No relaxation on zero-tolerance drugs policy, insists Army
Reports suggested recruits in the first 14 weeks of training who fail their first drugs test are being “back-squadded”.
The Army has insisted it is “completely untrue” that its zero-tolerance policy on drugs has been relaxed following reports that young recruits who fail tests are being given a second chance.
According to the Mail on Sunday, recruits in the first 14 weeks of training who fail their first drugs test are being “back-squadded”, or returned to early stages of drills, but given the opportunity to pass a second test and remain in the Army.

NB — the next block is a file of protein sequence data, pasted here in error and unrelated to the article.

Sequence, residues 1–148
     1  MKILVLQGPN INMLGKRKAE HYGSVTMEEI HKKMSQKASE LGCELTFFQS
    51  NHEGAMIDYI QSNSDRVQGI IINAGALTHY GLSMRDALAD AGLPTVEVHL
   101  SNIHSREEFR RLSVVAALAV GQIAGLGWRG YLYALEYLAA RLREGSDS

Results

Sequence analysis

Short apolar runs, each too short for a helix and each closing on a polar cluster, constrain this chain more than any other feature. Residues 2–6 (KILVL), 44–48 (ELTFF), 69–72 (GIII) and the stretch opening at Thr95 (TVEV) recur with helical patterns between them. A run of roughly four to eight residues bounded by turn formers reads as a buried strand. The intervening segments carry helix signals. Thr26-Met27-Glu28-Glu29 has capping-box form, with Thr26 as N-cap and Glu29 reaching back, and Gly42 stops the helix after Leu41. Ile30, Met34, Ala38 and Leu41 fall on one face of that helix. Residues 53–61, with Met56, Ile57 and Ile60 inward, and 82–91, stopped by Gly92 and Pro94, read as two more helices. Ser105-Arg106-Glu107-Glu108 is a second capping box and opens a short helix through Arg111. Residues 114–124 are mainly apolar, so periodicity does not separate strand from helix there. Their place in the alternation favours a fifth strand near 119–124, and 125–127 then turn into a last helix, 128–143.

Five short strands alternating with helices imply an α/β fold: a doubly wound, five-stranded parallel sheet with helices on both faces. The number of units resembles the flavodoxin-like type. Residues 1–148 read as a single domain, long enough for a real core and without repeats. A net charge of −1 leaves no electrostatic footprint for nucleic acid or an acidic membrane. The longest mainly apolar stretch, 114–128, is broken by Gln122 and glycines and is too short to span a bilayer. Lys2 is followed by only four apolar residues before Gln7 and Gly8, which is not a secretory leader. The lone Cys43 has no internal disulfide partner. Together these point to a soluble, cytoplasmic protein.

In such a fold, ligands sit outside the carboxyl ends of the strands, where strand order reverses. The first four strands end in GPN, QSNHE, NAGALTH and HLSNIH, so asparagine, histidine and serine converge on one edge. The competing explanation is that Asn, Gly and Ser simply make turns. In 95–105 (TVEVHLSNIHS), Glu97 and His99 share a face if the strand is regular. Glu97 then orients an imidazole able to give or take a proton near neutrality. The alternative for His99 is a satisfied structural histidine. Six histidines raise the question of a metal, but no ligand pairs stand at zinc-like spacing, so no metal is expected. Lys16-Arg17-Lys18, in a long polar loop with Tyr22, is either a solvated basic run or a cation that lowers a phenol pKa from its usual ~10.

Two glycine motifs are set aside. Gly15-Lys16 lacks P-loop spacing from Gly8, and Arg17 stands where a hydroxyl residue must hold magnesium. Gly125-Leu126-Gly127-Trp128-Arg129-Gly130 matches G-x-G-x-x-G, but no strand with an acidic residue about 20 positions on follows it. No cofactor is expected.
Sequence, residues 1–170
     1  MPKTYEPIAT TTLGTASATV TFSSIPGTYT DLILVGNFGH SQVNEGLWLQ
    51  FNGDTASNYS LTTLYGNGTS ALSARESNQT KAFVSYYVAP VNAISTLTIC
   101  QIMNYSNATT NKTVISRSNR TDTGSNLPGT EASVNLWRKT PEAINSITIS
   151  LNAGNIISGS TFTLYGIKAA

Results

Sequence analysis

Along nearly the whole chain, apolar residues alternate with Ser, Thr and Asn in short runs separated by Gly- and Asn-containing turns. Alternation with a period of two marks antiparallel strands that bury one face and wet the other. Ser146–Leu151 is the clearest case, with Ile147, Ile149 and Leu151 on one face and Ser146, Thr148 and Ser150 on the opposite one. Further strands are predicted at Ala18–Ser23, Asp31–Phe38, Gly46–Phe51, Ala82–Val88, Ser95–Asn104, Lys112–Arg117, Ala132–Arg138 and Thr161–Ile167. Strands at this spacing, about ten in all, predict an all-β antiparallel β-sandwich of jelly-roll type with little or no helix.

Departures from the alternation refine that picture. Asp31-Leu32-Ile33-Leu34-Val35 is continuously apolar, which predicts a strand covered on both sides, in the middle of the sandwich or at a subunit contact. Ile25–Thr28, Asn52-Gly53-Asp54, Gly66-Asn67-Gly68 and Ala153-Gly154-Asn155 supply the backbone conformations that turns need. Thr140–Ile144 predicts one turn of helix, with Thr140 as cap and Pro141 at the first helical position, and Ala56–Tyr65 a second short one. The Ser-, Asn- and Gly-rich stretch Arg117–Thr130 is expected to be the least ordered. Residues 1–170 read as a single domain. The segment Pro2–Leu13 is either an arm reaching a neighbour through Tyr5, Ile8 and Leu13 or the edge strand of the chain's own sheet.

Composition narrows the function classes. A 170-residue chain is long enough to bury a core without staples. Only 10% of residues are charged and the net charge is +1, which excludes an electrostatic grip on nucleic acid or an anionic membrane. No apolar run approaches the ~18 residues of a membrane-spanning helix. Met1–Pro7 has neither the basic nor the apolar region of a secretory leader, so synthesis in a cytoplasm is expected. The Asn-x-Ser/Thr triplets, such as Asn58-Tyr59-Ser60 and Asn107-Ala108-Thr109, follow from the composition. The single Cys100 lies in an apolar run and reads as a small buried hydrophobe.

The newspaper says it obtained an internal MoD document which reads: “Young recruits in the first 14 weeks of training who fail on their first drugs test and meet the retention criteria will be allowed to continue with their training but will be ‘back-squadded’ and will face further drugs testing.
“Should they fail on two occasions, they will be discharged.”
The document adds that fully trained soldiers can expect to be discharged the first time they are caught taking drugs, according to the paper.
But an Army spokesman said: “There has been no relaxation of the longstanding zero-tolerance policy on drug misuse.
“To suggest otherwise is completely untrue.”